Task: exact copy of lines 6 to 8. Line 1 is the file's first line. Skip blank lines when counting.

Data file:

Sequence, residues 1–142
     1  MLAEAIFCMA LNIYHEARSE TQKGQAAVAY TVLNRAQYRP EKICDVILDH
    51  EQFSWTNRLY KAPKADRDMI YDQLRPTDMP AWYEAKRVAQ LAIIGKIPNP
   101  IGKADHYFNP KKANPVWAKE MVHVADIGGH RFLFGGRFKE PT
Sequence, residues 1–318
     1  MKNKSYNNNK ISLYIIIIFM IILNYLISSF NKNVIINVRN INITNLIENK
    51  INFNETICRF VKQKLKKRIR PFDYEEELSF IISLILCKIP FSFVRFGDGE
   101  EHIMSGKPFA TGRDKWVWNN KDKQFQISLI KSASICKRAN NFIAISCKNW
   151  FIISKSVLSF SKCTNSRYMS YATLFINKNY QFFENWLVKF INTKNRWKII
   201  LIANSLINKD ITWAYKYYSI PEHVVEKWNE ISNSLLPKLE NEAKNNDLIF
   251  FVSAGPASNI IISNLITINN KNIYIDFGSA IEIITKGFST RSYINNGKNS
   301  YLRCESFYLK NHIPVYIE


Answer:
     1  MKNKSYNNNK ISLYIIIIFM IILNYLISSF NKNVIINVRN INITNLIENK
    51  INFNETICRF VKQKLKKRIR PFDYEEELSF IISLILCKIP FSFVRFGDGE
   101  EHIMSGKPFA TGRDKWVWNN KDKQFQISLI KSASICKRAN NFIAISCKNW